Russia preparing to launch its own independent internet system

To avoid any possible international blockade Russia is preparing its own internet system

The incursion into Ukrainian territory by Russia has brought many international sanctions on Moscow, with major brands and entities all cutting ties with the country in the last week or so. There have also been moves by the top social media platforms including Twitter and Facebook, to block internet activity in Russia.

In response, the Putin government is reported to be rushing the final stages of a project to have its own internet system, something which it has been developing since around 2019.

“RuNet is aimed only at preventing the adverse consequences of global disconnection from the global network, which is largely controlled from abroad”, President Vladimir Putin explained back in 2019.

Ukraine’s Deputy Prime Minister Mykhailo Fedorov recently called for Russia to be disconnected from the global network, and for the .ru domain to be removed. However, international rights activists believe that this measure would further the existing censorship in the country. Also, if this proposal were implemented, RuNet would then be a possible solution.

Putin’s government explained at the time that the creation of its own network was a ‘defensive move’ against external threats that could arise. However, the restriction of some platforms has meant that RuNet now takes on another meaning, and is a measure so that cybernetic isolation does not imply a major problem.

In order for Russia to be able to disconnect the global network in an emergency without judicial authorisation, or without having to notify providers, the ‘Sovereign Internet Law’ came into force on November 1, 2019.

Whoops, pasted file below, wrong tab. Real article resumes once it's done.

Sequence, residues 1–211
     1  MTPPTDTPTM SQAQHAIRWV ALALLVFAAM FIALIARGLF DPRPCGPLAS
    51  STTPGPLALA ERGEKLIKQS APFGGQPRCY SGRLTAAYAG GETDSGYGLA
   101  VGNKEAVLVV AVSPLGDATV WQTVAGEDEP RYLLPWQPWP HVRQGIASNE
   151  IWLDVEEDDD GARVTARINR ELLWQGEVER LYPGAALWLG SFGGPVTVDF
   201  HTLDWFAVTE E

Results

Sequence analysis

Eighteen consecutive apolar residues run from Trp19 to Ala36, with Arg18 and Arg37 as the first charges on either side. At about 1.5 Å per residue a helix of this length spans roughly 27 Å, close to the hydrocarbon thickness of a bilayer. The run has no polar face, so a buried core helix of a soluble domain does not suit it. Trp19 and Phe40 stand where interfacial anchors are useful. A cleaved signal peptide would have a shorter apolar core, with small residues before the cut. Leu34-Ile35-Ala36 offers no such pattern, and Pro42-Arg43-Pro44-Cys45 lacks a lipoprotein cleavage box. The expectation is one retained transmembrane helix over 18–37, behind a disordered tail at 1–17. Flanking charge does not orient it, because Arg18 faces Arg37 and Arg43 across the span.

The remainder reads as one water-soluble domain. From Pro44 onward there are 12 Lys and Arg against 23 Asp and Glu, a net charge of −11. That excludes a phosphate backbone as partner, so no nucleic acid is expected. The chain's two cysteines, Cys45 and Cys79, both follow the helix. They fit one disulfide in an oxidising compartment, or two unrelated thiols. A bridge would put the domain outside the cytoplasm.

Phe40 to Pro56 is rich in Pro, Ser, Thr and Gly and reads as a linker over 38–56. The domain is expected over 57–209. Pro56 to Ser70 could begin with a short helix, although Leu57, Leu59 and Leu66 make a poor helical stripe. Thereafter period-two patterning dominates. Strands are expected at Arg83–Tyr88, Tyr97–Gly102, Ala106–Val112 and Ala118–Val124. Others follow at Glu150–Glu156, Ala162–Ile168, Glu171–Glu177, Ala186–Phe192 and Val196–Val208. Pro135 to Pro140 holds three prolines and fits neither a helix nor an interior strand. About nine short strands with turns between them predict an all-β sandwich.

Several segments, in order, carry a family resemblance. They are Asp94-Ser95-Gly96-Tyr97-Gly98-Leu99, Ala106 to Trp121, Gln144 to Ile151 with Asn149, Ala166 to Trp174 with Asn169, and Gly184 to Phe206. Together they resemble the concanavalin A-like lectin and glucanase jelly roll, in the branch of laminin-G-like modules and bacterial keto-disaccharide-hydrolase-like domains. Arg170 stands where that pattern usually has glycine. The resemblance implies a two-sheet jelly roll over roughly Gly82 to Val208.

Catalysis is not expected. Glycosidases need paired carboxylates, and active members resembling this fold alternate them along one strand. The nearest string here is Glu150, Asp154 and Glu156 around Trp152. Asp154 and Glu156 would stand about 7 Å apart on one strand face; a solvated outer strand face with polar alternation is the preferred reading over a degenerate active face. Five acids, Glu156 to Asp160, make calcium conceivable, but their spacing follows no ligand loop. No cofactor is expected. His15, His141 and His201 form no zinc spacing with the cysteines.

Once this legislation was implemented, Russia invested money in developing its RuNet. To get such technology up and running, they had to make copies of DNS services and install data centres, with new platforms and applications.

The Russians have managed in recent years to imitate some famous pages worldwide. They copied the Wikipedia format with their own Russian encyclopedia and replaced the social networks Facebook and Twitter with the Russian platforms VK and Odnoklassniki, which are currently reportedly used by 78 per cent of the country’s citizens.

This situation of course, if it transpires, would seem to play right into Putin’s hands, where his government would have full control of 100 per cent of all content that appears on the internet in Russia.


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Written by

Chris King

Originally from Wales, Chris spent years on the Costa del Sol before moving to the Algarve where he is a web reporter for The Euro Weekly News covering international and Spanish national news. Got a news story you want to share? Then get in touch at